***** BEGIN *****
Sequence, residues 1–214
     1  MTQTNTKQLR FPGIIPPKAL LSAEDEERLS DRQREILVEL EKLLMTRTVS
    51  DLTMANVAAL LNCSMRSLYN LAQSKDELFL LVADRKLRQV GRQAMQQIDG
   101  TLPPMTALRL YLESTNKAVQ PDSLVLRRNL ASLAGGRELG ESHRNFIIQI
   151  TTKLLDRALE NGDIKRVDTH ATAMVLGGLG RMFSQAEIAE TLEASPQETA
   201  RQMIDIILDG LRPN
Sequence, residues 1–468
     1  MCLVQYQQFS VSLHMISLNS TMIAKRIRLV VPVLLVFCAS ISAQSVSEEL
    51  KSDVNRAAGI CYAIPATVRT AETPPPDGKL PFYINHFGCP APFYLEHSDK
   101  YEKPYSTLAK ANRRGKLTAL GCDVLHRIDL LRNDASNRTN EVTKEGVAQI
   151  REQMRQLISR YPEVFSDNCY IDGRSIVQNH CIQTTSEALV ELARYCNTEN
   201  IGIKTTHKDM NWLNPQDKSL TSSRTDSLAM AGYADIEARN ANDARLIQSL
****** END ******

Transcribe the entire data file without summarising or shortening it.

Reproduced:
Sequence, residues 1–214
     1  MTQTNTKQLR FPGIIPPKAL LSAEDEERLS DRQREILVEL EKLLMTRTVS
    51  DLTMANVAAL LNCSMRSLYN LAQSKDELFL LVADRKLRQV GRQAMQQIDG
   101  TLPPMTALRL YLESTNKAVQ PDSLVLRRNL ASLAGGRELG ESHRNFIIQI
   151  TTKLLDRALE NGDIKRVDTH ATAMVLGGLG RMFSQAEIAE TLEASPQETA
   201  RQMIDIILDG LRPN
Sequence, residues 1–468
     1  MCLVQYQQFS VSLHMISLNS TMIAKRIRLV VPVLLVFCAS ISAQSVSEEL
    51  KSDVNRAAGI CYAIPATVRT AETPPPDGKL PFYINHFGCP APFYLEHSDK
   101  YEKPYSTLAK ANRRGKLTAL GCDVLHRIDL LRNDASNRTN EVTKEGVAQI
   151  REQMRQLISR YPEVFSDNCY IDGRSIVQNH CIQTTSEALV ELARYCNTEN
   201  IGIKTTHKDM NWLNPQDKSL TSSRTDSLAM AGYADIEARN ANDARLIQSL